Start-up businesses are emerging from the rubble of the Great Recession—and they're hiring.
Companies such as Groupon, LivingSocial, and Zynga, the game developer behind Farmville, added more than 6,000 jobs in 2011, according to company websites and growth reports, and new ventures are launching every day.
Start-ups can present a unique opportunity for M.B.A. students in search of internships: a chance to work directly with company founders and CEOs to make a substantial impact on the future of the business, according to start-up insiders.
[Learn why entrepreneurship is gaining steam at b-schools.]
"They are really meaty, exciting roles," says Jay McClary, vice president of marketing for RideCharge, the 5-year-old company behind transportation apps such as Taxi Magic, which allows users to book a taxi and pay for it using the company's website or smartphone app.
This summer, RideCharge wants an M.B.A. intern to expand the company's footprint in Europe and Latin America.
"[The internship] is integral to the growth of our business," McClary says. "This isn't something we created as a test to see if someone would be a good employee after they graduate."
Unlike corporate internships, which are often mapped out in detail and full of structured training sessions, RideCharge allows interning M.B.A.’s the freedom to approach their role from different angles, says Matt Carrington, director of marketing and communications at RideCharge.
[Discover tips for students vying to fill the tech talent gap.]
Carrington interned with Pacific Gas & Electric in 2009 while completing his M.B.A. at the University of California—Berkeley Haas School of Business. The internship, which serves as a feeder program for PG&E's leadership development program, consisted of training sessions and exploratory projects, he says.
"It was an incredible experience, but it's incredibly well defined," Carrington says. "They have it scripted to the day, of what you're going to be doing."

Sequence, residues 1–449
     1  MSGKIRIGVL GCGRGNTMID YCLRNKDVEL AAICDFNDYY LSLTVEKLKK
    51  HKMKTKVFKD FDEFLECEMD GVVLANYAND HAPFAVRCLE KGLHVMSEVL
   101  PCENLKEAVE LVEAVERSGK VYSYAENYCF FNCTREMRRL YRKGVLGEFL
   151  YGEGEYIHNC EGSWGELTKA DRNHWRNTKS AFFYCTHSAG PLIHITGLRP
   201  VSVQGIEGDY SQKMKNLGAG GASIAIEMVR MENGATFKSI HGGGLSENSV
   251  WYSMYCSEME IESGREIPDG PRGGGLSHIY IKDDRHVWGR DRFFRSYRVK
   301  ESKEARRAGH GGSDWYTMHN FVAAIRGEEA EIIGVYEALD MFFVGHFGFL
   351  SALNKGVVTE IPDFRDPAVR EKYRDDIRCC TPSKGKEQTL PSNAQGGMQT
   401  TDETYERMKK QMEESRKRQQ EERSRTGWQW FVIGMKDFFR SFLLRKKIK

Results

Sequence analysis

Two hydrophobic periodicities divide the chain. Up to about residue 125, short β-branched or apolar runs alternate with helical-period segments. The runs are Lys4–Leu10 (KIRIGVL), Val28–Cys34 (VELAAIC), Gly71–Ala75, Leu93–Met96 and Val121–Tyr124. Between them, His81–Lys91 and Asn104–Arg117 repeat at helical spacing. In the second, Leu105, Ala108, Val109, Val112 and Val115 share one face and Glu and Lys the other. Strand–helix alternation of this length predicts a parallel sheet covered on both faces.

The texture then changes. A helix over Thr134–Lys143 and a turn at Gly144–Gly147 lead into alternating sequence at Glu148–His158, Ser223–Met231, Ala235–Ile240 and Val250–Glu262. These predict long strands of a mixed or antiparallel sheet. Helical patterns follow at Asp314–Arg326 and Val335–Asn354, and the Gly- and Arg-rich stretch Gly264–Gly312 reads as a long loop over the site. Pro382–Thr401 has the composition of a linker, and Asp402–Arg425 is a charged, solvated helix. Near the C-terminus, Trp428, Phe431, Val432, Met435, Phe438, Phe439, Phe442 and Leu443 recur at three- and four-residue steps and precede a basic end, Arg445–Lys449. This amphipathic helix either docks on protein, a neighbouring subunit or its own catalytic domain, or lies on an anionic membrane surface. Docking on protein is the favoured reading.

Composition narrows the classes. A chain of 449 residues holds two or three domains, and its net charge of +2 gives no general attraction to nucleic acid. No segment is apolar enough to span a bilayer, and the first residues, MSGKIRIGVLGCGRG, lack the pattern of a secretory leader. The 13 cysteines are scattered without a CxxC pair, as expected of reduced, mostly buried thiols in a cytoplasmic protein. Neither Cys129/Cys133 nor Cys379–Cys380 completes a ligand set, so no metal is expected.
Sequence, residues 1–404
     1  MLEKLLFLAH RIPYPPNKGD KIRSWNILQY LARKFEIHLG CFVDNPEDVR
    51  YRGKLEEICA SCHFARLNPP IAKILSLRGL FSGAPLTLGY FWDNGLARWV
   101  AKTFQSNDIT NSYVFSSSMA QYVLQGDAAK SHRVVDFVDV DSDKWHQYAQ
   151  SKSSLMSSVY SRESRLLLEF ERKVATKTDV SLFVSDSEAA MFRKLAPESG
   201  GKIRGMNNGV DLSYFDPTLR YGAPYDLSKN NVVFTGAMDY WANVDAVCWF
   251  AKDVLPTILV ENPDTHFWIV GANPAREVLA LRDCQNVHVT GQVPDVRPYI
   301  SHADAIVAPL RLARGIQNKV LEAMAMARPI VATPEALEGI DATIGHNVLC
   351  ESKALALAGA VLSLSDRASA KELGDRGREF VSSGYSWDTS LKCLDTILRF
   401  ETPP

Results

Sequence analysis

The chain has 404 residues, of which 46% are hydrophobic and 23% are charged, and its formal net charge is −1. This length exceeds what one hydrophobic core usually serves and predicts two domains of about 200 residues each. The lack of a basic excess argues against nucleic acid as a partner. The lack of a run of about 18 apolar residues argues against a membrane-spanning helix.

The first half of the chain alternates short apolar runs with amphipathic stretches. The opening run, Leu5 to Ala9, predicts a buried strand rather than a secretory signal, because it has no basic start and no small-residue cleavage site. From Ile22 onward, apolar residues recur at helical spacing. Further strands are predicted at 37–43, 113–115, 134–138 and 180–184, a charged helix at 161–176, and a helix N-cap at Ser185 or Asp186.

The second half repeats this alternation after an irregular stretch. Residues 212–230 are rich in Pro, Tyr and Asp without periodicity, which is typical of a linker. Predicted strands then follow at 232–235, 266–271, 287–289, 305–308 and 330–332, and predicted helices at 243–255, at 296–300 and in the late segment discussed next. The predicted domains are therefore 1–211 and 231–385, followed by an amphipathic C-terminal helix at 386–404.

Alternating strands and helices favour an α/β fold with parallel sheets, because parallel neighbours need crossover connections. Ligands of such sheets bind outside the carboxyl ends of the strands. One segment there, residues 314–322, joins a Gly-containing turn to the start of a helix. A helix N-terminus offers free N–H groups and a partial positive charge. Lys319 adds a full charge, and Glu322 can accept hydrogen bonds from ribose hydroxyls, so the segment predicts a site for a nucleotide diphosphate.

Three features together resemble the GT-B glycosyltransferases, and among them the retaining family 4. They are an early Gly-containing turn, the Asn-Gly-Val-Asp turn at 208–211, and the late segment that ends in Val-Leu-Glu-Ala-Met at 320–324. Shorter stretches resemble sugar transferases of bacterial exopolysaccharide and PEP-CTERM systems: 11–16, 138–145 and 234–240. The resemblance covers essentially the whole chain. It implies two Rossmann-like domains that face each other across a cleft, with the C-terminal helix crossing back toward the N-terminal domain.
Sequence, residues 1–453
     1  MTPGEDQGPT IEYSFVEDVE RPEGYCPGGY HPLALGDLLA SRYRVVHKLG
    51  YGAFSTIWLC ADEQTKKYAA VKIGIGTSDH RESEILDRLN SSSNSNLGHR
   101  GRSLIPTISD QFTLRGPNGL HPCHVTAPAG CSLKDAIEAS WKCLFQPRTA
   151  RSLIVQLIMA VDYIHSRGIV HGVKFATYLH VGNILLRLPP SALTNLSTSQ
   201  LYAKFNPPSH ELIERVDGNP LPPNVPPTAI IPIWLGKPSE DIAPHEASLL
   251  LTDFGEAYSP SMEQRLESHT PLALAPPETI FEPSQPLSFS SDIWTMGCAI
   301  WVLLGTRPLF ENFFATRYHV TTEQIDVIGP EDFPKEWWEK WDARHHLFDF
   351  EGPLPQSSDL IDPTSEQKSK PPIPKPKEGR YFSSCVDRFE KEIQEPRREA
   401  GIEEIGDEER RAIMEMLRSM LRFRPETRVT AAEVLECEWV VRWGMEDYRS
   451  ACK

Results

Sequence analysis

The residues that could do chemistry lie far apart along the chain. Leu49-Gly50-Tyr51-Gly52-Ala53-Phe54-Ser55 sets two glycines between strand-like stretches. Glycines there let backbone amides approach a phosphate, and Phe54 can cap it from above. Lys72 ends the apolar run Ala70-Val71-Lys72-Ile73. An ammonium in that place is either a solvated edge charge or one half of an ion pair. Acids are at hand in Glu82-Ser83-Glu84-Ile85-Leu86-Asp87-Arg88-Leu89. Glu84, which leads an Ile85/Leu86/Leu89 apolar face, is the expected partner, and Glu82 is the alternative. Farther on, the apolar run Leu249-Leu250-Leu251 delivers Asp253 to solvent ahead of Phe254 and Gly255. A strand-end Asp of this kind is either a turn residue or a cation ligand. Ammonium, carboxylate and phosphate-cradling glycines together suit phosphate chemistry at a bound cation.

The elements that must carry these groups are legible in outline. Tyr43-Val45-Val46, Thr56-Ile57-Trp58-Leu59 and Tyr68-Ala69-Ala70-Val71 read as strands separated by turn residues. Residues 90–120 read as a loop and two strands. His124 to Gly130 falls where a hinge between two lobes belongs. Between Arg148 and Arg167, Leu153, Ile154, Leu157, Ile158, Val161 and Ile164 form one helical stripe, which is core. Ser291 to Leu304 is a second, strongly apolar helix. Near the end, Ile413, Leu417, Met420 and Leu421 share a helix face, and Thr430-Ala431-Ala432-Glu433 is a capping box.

RideCharge's program is vastly different, Carrington says. Interns work directly with McClary, the VP of marketing, to define the project's goals, then hit the ground running, relying on their own expertise to work independently and often remotely.
This level of autonomy and responsibility is what attracts students to start-ups, says Scott LaChapelle, assistant director of technology platforms and new employer development at Harvard University's Office of Career Services.
"Our students like to have a lot of influence and impact," LaChapelle says. "They generally like to develop their passion into tangible skills."
Another factor drawing students to start-ups is their often casual, high-energy atmosphere. That energy was on display at Harvard's recent Start-up Career Fair, which brought in more than 90 start-ups and attracted more than 600 graduate and undergraduate students. Budding companies brought in pizza, candy, T-shirts—even a giant blow-up elephant—giving students a taste of the culture of start-ups, which often list Ping-Pong tournaments and sponsored happy hours among their company benefits.
[Find out three tips for students to ace job fairs.]
The fun, fast-paced atmosphere of start-ups often reflects the personalities of the founders, as well as the employees they hope to attract. But it isn't for everyone, LaChapelle says.
"You need to be OK with rapid change, not having a clear road map, not having a management program," he says. "You need to be OK with the fact that your job description, if there even is one, may change as well."
Rachel Schaengold, an M.B.A. student at George Washington University and intern with Social Driver, a digital technology consulting firm, says that environment is exactly what she's seeking.
"Everyone's roles are blurred," Schaengold says. "As an intern, your roles are blurred across everything—but I like that."
While Schaengold appreciates the creative freedom, the uncertainty about her employment future can be unsettling, especially when classmates returned from their summer internships with signed employment contracts, she says.